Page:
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Interior vs. Exterior Drainage Systems

Basement Systems, Inc., a leader in the foundation waterproofing industry, has put together a list of the pros and cons of interior and exterior drainage systems.

Seymour, CT - September 7, 2012

Basement Systems, Inc., a leader in the foundation waterproofing industry, has put together a list of differences between the two methods of basement waterproofing: interior and exterior drainage systems. This information can help homeowners who are buying or selling a home with a wet basement or who are looking for a long-term solution for consistent basement water problems.

Basements are prone to water problems because they're built below grade. Issues can range from damp basement walls or puddles on the floor to severe flooding during rainstorms. Damp or wet basements often have mold and mildew growth, rotted wood, and water and moisture can cause damage to stored items.

If water is coming into the basement from the outside, a basement drainage system can help protect against flooding. Below are some of the common problems associated with exterior foundation drainage and pros and cons of both types of basement drain tile systems.

Before and after of interior basement drainage system

A before and after of a basement sump pump and drain tile replaced with the WaterGuard interior basement drainage system.

Exterior Drain Tile Systems

Advantages of Exterior Basement Drainage

  • Little disruption to the basement interior: Stored items and furniture typically don't need to be moved.
  • Improves exterior drainage: Helps drain soil next to the home and reduces pressure against the foundation walls.

Disadvantages of Exterior Basement Drainage

Disruptive Excavation: To install an exterior drain around the perimeter of your home, basement waterproofing contractors will first need to excavate the area around your foundation with a backhoe. Before this can be accomplished, anything around the perimeter must be removed- including porches, shrubbery, gardens, sidewalks, steps, part of the driveway, and anything else that may be sitting near the foundation. Once the earth is dug up from around the foundation, the soil is piled next to the house. The drainage will be installed, and most of the dirt is filled back into the area. This dirt will be fluffed and porous, and will absorb more water than any of the soil around it. Over the years, it will settle back down against the foundation and will require constant regrading to prevent water from collecting and pooling against the home.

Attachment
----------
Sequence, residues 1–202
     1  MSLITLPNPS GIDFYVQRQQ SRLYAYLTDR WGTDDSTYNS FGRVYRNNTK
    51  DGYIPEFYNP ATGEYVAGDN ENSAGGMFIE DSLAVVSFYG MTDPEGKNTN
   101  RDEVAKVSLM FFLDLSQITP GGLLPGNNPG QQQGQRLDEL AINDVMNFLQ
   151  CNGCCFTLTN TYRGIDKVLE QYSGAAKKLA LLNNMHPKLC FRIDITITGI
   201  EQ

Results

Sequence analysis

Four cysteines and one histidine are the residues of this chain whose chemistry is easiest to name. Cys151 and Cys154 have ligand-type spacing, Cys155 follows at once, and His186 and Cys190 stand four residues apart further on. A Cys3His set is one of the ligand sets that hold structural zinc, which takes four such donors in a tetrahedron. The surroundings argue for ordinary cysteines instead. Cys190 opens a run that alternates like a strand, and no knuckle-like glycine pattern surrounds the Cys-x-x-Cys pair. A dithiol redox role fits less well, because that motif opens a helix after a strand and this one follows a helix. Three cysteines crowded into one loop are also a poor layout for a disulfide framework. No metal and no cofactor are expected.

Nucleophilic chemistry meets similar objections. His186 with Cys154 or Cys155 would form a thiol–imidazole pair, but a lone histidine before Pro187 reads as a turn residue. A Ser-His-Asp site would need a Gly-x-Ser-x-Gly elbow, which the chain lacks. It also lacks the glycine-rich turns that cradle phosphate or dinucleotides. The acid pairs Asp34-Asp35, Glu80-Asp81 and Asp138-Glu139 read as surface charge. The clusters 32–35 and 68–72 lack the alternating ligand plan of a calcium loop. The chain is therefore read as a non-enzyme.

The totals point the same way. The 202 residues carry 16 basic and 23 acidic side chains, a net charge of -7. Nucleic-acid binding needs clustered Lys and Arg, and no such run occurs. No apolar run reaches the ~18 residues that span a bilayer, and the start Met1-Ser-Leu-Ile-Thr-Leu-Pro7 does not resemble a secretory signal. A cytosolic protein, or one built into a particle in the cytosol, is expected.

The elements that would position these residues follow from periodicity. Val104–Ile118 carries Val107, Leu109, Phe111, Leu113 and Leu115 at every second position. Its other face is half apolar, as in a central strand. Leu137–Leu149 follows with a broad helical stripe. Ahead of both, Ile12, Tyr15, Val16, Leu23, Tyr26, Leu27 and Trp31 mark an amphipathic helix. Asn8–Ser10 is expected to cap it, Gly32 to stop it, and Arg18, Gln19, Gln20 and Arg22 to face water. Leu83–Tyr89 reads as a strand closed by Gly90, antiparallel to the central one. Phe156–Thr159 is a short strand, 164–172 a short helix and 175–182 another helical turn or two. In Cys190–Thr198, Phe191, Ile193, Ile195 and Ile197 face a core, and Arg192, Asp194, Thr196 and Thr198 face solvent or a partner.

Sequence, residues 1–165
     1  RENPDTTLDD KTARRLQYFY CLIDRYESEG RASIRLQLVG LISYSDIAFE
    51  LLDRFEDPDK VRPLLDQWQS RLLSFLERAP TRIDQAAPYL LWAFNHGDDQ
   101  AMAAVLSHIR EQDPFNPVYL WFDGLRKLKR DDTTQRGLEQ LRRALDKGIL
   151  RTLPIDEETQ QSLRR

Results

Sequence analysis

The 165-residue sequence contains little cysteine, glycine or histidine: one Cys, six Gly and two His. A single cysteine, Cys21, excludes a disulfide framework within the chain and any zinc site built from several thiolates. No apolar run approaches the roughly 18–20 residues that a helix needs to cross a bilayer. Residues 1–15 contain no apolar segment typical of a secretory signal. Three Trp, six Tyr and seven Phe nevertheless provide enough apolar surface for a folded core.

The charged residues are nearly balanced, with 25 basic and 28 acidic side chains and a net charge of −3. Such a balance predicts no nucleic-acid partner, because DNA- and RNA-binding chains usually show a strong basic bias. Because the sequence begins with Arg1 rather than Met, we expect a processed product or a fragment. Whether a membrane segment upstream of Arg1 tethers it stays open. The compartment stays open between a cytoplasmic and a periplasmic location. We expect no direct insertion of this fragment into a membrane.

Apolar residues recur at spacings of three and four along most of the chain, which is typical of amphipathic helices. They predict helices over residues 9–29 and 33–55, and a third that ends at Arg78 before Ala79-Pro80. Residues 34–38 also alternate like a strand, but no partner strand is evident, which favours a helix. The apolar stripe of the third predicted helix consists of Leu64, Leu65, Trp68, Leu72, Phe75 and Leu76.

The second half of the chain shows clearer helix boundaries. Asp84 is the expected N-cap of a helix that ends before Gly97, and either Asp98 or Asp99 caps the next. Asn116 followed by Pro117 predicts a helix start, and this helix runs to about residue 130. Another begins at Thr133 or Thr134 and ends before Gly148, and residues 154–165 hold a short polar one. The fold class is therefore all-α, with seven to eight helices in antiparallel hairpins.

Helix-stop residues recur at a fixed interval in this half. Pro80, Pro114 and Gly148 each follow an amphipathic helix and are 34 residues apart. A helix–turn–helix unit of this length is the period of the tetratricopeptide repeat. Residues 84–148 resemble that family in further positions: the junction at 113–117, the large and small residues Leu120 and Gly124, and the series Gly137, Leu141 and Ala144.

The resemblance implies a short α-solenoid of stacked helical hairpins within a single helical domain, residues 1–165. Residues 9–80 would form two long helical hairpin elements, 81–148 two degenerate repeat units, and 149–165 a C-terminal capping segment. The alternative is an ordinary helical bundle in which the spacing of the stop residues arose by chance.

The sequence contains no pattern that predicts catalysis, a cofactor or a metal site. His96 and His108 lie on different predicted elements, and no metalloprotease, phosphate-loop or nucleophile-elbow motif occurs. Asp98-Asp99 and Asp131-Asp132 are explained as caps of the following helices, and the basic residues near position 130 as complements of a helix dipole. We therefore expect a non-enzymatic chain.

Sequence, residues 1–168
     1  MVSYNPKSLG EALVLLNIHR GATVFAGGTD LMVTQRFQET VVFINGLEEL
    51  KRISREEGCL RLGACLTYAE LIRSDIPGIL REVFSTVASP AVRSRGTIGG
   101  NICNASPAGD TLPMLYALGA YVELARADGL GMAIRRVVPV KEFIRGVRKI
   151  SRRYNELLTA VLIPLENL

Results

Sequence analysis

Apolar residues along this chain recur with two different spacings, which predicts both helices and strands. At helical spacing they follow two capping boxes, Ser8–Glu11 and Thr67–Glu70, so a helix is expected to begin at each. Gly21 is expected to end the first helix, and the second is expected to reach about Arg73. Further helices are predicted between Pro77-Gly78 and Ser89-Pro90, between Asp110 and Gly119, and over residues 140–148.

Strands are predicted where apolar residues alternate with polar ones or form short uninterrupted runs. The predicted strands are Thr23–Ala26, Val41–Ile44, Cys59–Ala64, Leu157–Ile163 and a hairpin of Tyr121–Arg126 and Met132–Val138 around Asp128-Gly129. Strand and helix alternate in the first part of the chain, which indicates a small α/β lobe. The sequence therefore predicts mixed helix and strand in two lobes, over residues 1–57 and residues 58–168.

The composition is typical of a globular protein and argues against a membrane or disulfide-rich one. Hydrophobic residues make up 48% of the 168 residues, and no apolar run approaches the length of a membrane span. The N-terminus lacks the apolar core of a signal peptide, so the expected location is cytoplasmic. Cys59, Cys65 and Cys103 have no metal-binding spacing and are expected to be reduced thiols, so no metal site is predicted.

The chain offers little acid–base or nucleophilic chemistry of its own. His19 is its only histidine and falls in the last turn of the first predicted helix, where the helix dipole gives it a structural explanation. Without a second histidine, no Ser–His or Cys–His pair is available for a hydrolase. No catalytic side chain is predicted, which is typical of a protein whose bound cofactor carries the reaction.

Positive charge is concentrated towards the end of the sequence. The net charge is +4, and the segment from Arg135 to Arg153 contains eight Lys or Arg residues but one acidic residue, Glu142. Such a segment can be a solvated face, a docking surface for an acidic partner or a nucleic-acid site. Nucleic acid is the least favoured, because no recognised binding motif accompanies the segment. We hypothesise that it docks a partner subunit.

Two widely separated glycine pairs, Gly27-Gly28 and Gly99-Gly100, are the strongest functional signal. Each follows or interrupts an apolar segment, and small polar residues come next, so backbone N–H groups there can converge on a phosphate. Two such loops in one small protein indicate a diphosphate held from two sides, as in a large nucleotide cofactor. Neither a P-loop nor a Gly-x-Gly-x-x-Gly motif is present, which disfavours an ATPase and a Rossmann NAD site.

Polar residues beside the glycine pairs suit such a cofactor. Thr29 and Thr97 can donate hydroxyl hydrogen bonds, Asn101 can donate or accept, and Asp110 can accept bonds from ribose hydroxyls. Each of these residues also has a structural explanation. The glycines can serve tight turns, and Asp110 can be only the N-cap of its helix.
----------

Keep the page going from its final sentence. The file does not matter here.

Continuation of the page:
Drainage Issues: Unless your home is located on a slope and there is enough room between your house and your neighbor’s to dig a gravity drain, an exterior French drain (also known as drain tile) system will have no natural way to discharge any water collected in the drains downhill. If the water cannot run down naturally from the bottom of your foundation and outside of the home, then the drainage system cannot work on its own power. In cases where the drainage runs to a storm sewer or dry well, that system will need to be significantly lower than the drain’s discharge line, and the amount of water that can be discharged from around the foundation is limited to the holding tank’s capacity from the entrance point of the pipe. In most cases, a sump pump may be installed to pump the water out of the perimeter drainage system.